Following the dismissal of a senior military official said to be opposed to reform, North Korean leader Kim Jong-Un has announced that the nation will begin to experiment with agricultural and economic reforms. Pyongyang has allegedly created a special bureau to take control of the economy from the military, a significant departure away from Kim Jong-Il’s “Military-First Policy”.
Reports issued by the Bank of Korea based in Seoul have confirmed that North Korea’s real annual GDP has increased by 0.8% in 2011, a significant shift away from previous years of economic deterioration. As China increases investment in North Korea in the form of Special Economic Zones and private enterprise, Beijing has led initiatives to develop the nation’s vast mineral resources, valued at $6.1 trillion.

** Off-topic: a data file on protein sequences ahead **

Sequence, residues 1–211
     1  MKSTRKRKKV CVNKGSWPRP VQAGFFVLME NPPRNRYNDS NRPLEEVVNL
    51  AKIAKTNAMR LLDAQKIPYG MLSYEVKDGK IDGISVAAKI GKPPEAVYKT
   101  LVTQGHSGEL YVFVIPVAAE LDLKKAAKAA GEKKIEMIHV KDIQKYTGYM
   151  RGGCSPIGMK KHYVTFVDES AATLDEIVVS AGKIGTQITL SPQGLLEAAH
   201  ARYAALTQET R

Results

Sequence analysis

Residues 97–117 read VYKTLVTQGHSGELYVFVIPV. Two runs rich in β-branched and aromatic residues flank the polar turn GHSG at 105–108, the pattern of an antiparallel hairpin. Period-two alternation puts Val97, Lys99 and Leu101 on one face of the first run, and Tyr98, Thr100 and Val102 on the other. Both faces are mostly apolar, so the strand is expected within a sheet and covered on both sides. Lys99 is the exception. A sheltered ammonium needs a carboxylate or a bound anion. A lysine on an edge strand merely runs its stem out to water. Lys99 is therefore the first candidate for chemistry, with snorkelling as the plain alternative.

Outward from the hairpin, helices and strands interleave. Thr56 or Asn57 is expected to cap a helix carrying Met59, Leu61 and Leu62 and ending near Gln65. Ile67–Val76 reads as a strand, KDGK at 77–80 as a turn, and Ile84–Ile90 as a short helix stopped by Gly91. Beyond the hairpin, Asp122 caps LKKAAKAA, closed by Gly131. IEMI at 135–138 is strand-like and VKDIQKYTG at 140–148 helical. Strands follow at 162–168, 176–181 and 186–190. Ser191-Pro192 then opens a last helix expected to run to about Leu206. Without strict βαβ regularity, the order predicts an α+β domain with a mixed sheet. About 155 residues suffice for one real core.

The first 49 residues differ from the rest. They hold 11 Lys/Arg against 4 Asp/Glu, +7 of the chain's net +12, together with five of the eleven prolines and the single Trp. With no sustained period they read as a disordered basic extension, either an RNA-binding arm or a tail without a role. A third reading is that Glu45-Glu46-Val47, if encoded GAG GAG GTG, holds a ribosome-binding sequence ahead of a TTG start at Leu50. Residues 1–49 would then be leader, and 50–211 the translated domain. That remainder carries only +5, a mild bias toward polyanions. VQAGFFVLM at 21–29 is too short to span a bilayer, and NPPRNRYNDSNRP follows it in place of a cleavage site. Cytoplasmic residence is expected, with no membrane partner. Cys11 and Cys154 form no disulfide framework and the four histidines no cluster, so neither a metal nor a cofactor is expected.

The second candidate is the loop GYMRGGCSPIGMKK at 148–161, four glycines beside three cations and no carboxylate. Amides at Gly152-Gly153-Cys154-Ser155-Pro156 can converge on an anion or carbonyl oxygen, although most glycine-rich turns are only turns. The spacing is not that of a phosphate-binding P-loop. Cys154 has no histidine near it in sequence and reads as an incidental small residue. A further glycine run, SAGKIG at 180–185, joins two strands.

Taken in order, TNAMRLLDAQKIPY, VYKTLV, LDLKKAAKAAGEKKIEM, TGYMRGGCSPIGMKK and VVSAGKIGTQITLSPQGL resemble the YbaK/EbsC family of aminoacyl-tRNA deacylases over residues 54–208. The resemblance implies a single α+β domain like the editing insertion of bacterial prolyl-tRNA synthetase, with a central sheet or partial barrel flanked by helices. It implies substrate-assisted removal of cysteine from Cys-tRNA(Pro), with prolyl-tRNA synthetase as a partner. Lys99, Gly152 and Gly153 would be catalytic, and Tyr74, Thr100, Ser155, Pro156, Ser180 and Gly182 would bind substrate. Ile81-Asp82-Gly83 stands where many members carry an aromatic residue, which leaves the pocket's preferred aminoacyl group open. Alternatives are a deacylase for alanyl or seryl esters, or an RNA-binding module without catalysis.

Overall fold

Prior to his death, former North Korean leader Kim Jong-Il visited Russia to finalize agreements with Gazprom, a Russian state-run natural gas-exporter, to construct a pipeline connecting Russia, North Korea and South Korea, giving Pyongyang an estimated $100 million in annual transit fees